Pater Norbert in seinem Reich: Bienenvater und Kräuterexperte mit Herz, Leib und Seele.

Father Norbert looking after his bees in the herb garden right outside Stams Abbey.


Weitere Klosterprodukte könnt Ihr übrigens auch im Shop des Stift Stams verkosten und erwerben ...

You may taste further produce made at the abbey in the monastery shop, such as liqueurs or brandies.


Danke, Frater Lukas, für die Verköstigung hier!

Thank you, Frater Lukas, for inviting us to this small tasting!


Das Stift Stams ist durch und durch von der umgebenden Landwirtschaft geprägt, wie auch dieses Bild - aufgenommen vor der großen Eingangstür - eindeutig belegt.

Many abbeys, such as Stams Abbey, keep up a wide variety of agricultural practices.


If you come here as a gourmet traveller, don’t miss tasting the abbey’s fresh fish as well as some fine white wines, too.

The first day of our stay at Stams Abbey offers at least two surprises. First is a meeting with a young, dynamic couple who call themselves “Black Fishers Stams”: Fabio and Maria, chef and marketing expert, are tenants of over 6,000 protégés in the Stams Abbey ponds. The variety of fish grown here include rainbow or salmon trout as well as sturgeon or char. Fabio and his wife are determined to “make something really great” out of the site at the foot of the mighty abbey complex. Not just a fishing centre or a snack bar, but a bit more: Why not, for example, try some fresh ice cream served in a fish wafer baked especially for you?

Eis mit Fischwaffel:

I love my summer ice cream served in a waffle pressed to look like a fish. The couple took on the idea from Korea.


Gemütlicher Einstieg in unseren Aufenthalt im Stift Stams: Besuch des Stiftsweihers ...

Walking around the fish ponds at the foot of Stams Abbey …


... hier lernen wir das sympathische Duo Maria & Fabio kennen, die sich selbst "Schwarzfischer Stams" nennen und die Frater Lukas uns hier vorstellt.

… Frater Lukas introduces us to Maria and Fabio, who are tenants of the fish business belonging to Stams Abbey.


Etwas weiter oben, in der Orangerie des Stiftes, genießen wir die "Stiftsfische" dann auf unserem Teller ...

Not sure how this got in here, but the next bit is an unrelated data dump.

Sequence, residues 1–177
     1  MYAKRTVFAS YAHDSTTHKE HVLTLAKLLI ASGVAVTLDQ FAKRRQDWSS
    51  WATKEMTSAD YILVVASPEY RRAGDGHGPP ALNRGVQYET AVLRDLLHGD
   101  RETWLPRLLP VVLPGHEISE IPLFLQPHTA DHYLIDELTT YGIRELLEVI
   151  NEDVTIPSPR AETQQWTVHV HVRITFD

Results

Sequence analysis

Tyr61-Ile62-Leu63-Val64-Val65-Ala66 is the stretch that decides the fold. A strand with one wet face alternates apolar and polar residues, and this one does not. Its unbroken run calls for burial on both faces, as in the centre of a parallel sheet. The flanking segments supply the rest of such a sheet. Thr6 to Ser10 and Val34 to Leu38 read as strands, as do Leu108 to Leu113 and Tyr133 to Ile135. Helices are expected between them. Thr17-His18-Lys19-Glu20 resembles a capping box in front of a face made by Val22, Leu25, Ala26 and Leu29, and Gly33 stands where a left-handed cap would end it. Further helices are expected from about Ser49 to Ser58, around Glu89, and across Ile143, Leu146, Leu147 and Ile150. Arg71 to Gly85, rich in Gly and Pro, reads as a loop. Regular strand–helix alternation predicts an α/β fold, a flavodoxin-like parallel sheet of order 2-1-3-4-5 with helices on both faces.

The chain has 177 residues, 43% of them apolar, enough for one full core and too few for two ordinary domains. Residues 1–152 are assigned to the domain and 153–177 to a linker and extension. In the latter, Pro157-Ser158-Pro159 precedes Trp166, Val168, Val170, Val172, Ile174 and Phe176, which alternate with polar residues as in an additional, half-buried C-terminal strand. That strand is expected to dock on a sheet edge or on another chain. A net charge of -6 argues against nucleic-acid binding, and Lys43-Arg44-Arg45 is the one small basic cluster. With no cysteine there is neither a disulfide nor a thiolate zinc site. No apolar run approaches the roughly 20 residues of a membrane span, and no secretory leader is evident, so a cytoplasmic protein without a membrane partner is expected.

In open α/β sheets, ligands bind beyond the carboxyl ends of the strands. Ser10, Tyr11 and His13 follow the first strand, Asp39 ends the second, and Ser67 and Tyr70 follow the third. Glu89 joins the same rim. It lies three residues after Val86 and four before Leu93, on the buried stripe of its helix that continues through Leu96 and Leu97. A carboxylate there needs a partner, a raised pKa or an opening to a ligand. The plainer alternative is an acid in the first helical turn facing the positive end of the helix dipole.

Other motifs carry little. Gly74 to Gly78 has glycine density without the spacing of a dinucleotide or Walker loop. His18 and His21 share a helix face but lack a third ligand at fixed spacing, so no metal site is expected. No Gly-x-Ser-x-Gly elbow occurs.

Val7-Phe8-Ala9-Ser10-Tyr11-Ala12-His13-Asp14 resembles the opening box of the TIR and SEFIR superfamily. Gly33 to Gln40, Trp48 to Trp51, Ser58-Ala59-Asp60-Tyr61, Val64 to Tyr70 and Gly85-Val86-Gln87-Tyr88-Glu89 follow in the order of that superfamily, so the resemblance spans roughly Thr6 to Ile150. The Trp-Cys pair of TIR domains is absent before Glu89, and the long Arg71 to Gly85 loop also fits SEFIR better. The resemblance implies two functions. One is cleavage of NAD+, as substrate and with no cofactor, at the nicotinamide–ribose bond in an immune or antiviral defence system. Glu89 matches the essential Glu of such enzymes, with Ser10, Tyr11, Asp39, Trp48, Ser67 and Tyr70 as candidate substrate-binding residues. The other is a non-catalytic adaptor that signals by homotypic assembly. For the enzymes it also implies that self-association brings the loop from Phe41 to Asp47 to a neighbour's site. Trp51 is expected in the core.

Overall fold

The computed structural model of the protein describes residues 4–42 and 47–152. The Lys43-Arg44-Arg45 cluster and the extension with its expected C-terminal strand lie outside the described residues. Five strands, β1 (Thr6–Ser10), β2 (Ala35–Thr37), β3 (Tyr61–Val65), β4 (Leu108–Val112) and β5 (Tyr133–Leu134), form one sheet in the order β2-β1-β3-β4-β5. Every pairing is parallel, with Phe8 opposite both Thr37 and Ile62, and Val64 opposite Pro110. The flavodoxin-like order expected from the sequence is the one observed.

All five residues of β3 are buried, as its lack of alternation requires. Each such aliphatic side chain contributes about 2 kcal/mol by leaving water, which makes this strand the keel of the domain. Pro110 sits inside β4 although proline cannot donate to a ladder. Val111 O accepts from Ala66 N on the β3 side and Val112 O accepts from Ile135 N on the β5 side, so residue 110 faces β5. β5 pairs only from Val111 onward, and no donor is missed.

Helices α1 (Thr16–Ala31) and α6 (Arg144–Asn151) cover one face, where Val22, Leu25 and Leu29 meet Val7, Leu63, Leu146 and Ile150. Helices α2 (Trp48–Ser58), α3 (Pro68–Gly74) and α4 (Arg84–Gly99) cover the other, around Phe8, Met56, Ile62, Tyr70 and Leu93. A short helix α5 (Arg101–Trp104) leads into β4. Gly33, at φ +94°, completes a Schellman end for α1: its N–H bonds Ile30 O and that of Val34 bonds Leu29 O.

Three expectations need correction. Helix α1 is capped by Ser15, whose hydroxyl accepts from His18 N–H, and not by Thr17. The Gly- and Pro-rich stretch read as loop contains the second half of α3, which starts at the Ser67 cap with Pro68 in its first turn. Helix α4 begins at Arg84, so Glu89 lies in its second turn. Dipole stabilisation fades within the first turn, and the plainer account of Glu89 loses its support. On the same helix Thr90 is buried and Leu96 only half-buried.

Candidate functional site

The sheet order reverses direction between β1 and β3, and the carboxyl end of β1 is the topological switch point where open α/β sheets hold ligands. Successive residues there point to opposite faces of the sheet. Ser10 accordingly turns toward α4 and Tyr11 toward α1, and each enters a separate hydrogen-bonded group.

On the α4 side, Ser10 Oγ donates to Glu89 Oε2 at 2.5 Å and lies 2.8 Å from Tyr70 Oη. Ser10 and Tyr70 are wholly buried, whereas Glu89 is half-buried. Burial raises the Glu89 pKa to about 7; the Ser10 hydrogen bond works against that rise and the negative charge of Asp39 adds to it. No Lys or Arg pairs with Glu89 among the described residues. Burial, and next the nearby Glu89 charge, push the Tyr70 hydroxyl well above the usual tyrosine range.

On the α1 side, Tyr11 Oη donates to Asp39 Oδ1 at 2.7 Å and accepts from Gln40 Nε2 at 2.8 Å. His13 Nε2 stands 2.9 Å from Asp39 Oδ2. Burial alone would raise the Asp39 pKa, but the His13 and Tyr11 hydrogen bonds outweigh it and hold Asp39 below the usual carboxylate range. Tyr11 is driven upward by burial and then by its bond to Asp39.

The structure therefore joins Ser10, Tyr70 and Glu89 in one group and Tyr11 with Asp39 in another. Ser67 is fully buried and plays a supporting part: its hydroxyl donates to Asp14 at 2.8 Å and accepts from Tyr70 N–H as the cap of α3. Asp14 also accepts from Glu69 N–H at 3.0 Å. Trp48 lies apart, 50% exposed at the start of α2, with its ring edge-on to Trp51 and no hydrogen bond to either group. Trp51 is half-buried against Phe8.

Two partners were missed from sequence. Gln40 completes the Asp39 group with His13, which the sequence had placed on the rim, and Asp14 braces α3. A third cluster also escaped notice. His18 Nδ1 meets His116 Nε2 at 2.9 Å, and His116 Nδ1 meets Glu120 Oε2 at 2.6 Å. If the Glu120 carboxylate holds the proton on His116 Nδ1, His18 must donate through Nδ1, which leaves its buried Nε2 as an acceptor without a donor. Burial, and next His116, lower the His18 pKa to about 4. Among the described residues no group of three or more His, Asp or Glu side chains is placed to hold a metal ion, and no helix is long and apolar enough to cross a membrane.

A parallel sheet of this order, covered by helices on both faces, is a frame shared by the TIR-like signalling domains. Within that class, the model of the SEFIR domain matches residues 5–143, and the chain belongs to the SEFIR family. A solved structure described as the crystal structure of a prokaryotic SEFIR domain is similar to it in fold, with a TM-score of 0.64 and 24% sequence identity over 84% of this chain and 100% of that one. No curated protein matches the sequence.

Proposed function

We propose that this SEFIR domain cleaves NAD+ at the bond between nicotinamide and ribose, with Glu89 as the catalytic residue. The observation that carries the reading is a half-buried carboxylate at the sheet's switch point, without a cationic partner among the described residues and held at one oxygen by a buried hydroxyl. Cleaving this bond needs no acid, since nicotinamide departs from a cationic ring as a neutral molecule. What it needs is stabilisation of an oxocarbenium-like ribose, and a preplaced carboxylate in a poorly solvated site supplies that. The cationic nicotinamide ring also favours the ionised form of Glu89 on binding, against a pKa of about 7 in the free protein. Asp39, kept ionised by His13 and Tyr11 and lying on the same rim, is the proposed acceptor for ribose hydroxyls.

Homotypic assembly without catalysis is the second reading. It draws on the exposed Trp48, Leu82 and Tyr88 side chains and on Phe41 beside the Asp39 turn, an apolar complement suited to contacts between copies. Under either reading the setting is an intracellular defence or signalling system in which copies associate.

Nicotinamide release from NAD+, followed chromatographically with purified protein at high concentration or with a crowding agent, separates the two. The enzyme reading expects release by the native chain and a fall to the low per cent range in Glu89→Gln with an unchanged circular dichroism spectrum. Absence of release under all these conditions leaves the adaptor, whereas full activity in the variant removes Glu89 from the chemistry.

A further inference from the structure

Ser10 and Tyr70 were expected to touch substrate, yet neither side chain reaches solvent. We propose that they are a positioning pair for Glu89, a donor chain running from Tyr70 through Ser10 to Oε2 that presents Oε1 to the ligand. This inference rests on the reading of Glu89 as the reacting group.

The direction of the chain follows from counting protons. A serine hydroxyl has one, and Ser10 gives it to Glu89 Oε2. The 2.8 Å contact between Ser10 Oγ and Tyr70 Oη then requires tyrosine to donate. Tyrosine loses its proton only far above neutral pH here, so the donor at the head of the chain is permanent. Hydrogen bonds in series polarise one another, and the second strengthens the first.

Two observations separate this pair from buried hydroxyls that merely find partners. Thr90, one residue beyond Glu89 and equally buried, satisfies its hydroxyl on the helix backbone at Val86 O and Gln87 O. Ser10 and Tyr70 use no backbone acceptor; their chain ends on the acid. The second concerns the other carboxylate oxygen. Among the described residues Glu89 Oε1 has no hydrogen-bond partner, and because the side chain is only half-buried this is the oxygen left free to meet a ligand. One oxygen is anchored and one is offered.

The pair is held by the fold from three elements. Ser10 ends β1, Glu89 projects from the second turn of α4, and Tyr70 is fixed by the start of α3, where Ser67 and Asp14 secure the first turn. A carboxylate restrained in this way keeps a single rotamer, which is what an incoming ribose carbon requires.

Further up, the former orangery of the abbey turned restaurant now serves us the local fish varieties …


... dazu eine Weinbegleitung von Peter Zoller, der mich mit seinem Weingut Zoller-Saumwald aufhorchen lässt:

… joined by a selection of fine white wines from Tyrol: Do check out Peter Zoller’s Sauvignon Blanc. Really good!


Last but not least, let me tell you a little bit more about the history of Stams Abbey.

Stams Abbey was founded in 1273 by Count Meinhard the Second, Duke of Tyrol, with the help of his wife Elisabeth, who were looking for a burial place for themselves and their family. Cistercian monks from Bavaria came and built a first wooden monastery above the present chapel in the late 12th century. They also built the first three-nave Romanesque church there. Today, Stams Abbey is made up almost entirely of early Baroque and Rococo styles. Traces of the Romanesque and Gothic styles are only sparsely present.

What many people don’t know is that Stams Abbey owns the second largest Dürer collection in the world after the Albertina Museum in Vienna, consisting of copper and wood engravings by the famous painter Albrecht Dürer. These came to Stams Abbey through a personal friendship between Albrecht Dürer and Emperor Maximilian the First; the latter often coming to Stams for hunting. Today, the collection is housed in the art depot of the province of Tyrol near Innsbruck. Wow!

Pracht im Stift Stams ..

Early Baroque splendour in the mighty abbey church, featuring a huge high altar in the background …


... hier gibt uns Frater Lukas sogar einen kurzen Blick auf eine heilige Reliquie des Stiftes.

… we are even allowed a glimpse of a holy relic Stams Abbey possesses.


Auch der Bernardi-Saal überwältigt uns mit seiner grandiosen Kunstfertigkeit ...

When visiting Stams Abbey, make sure you check out the famous Bernardi hall, just opposite the abbey museum.


... bei mir besonders hängen geblieben:

I’ve especially enjoyed being welcomed among the community of Cistercian monks for lunch one day! There are several guest monks here from Vietnam, who might end up staying at Stams Abbey.


Check out all of my travel pictures from visiting Stams Abbey here:


Disclaimer: We have been invited by the Austrian Association of Monasteries, Abbeys & Convents “Klösterreich” on this trip to Stams Abbey in Tyrol. All opinions are my own.